Turbidity and Water

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Lucky for us all, our drinking water is almost always clear (very low turbidity). Other water, such as the creek behind your house after a rainstorm, is likely to be highly turbid—brown with floating sediment. Turbidity is the clarity of water and it is an important factor in water quality.

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Turbidity and Water

Hydrologist sampling for sediment and turbidity, Little Colorado River, Grand Canyon

A USGS hydrographer collecting a suspended-sediment water sample from the Little Colorado River, Grand Canyon, Arizona, USA. (Credit: Mike Nolan, USGS)

Turbidity is the measure of relative clarity of a liquid. It is an optical characteristic of water and is a measurement of the amount of light that is scattered by material in the water when a light is shined through the water sample. The higher the intensity of scattered light, the higher the turbidity. Material that causes water to be turbid include clay, silt, very tiny inorganic and organic matter, algae, dissolved colored organic compounds, and plankton and other microscopic organisms.

Turbidity makes water cloudy or opaque. The picture to the right shows a U.S. Geological Survey (USGS) hydrologist sampling highly turbid water in the Colorado River in Arizona. The water collected in a bottle will be used to find out the turbidity, which is measured by shining a light through the water and is reported in nephelometric turbidity units (NTU). During periods of low flow (base flow), many rivers are a clear green color, and turbidities are low, usually less than 10 NTU. During a rainstorm, particles from the surrounding land are washed into the river making the water a muddy brown color, indicating water that has higher turbidity values. Also, during high flows, water velocities are faster and water volumes are higher, which can more easily stir up and suspend material from the stream bed, causing higher turbidities.


Bottles of water showing various turbidity levels and cloudiness.

Turbidity is measured in Nephelometric Turbidity Units (NTU). These bottles show various turbidity levels.

Turbidity and water quality

High concentrations of particulate matter affect light penetration and  ecological productivity, recreational values, and habitat quality, and cause lakes to fill in faster. In streams, increased sedimentation and siltation can occur, which can result in harm to habitat areas for fish and other aquatic life. Particles also provide attachment places for other pollutants, notably metals and bacteria. For this reason, turbidity readings can be used as an indicator of potential pollution in a water body.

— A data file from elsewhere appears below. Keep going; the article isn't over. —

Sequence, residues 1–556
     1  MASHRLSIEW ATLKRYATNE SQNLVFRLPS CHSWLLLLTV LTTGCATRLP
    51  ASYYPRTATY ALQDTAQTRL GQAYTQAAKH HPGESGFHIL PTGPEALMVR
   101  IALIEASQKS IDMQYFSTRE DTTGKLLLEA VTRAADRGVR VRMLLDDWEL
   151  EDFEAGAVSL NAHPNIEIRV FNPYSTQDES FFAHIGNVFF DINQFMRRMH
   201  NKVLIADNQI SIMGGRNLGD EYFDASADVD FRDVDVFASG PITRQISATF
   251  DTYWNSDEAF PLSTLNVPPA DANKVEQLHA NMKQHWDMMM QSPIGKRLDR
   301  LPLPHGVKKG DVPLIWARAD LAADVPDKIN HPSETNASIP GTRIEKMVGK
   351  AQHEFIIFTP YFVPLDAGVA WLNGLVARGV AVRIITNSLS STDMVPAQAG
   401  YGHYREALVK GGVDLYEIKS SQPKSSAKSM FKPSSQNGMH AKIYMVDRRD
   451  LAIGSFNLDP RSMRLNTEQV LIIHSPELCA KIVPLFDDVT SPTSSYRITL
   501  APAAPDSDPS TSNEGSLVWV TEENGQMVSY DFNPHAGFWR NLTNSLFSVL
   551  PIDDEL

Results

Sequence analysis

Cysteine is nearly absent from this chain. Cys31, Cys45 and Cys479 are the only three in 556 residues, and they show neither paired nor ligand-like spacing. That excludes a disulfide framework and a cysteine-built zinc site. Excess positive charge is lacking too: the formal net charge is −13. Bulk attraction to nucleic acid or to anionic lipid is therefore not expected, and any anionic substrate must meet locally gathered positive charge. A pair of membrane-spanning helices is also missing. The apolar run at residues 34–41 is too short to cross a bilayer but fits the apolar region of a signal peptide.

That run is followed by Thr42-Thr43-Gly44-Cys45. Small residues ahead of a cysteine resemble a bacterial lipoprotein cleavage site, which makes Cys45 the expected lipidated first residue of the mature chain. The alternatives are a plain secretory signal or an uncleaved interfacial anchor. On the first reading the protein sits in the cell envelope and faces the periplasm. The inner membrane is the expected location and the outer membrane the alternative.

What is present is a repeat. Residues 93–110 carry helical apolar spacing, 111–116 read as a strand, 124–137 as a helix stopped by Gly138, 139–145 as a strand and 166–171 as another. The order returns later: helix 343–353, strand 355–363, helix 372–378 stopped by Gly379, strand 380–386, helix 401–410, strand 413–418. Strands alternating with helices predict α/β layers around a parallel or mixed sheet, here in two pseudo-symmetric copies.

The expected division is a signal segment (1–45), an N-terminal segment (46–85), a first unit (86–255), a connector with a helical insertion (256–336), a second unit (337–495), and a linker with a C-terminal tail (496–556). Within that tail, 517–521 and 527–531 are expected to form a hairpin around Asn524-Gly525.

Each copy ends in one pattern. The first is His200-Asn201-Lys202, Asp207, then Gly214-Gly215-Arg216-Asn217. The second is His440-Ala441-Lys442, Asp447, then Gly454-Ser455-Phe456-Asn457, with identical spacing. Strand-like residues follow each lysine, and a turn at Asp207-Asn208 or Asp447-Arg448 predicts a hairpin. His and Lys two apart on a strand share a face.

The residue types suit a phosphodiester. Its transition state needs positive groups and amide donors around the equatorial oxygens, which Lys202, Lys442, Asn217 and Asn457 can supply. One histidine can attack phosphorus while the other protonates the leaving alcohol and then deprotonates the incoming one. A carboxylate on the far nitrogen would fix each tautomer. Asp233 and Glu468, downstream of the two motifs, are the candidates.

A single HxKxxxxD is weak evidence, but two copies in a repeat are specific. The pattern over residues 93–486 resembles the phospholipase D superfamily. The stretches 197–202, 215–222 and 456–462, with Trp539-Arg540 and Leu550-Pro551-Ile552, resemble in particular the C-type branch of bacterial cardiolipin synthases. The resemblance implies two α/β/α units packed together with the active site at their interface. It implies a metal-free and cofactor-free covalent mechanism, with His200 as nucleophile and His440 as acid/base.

Turbidity and human health

Excessive turbidity, or cloudiness, in drinking water is aesthetically unappealing, and may also represent a health concern. Turbidity can provide food and shelter for pathogens. If not removed, the causes of high turbidity can promote regrowth of pathogens in the water, leading to waterborne disease outbreaks, which have caused significant cases of intestinal sickness throughout the United States and the world. Although turbidity is not a direct indicator of health risk, numerous studies show a strong relationship between removal of turbidity and removal of protozoa. The particles of turbidity provide "shelter" for microbes by reducing their exposure to attack by disinfectants. Microbial attachment to particulate material has been considered to aid in microbe survival. Fortunately, traditional water treatment processes have the ability to effectively remove turbidity when operated properly. (Source: U.S. Environmental Protection Agency)


Paraná River with Buenos Aires

Sediment-laden tributaries flowing into the clearer Paraná River, Argentina. (Credit: NASA Johnson, Flickr)

Measuring turbidity

State-of-the-art turbidity meters are beginning to be installed in rivers to provide an instantaneous turbidity reading. A long device is lowered into the water and at the end is a turbidity sensor. It reads turbidity in the river by shining a light into the water and reading how much light is reflected back to the sensor. These devices can house multiple water-quality sensors, such as a conductivity sensor to measure electrical conductance of the water, which is strongly influenced by dissolved solids, and a temperature gauge.

Do you want to test your local water quality?

Water test kits are available from World Water Monitoring Challenge (WWMC), an international education and outreach program that builds public awareness and involvement in protecting water resources around the world. Teachers and water-science enthusiasts: Do you want to be able to perform basic water-quality tests on local waters? WWMC offers inexpensive test kits so you can perform your own tests for temperature, pH, turbidity, and dissolved oxygen.


Some information on this page is from "A Primer on Water Quality", by Swanson, H.A., and Baldwin, H.L., U.S. Geological Survey, 1965.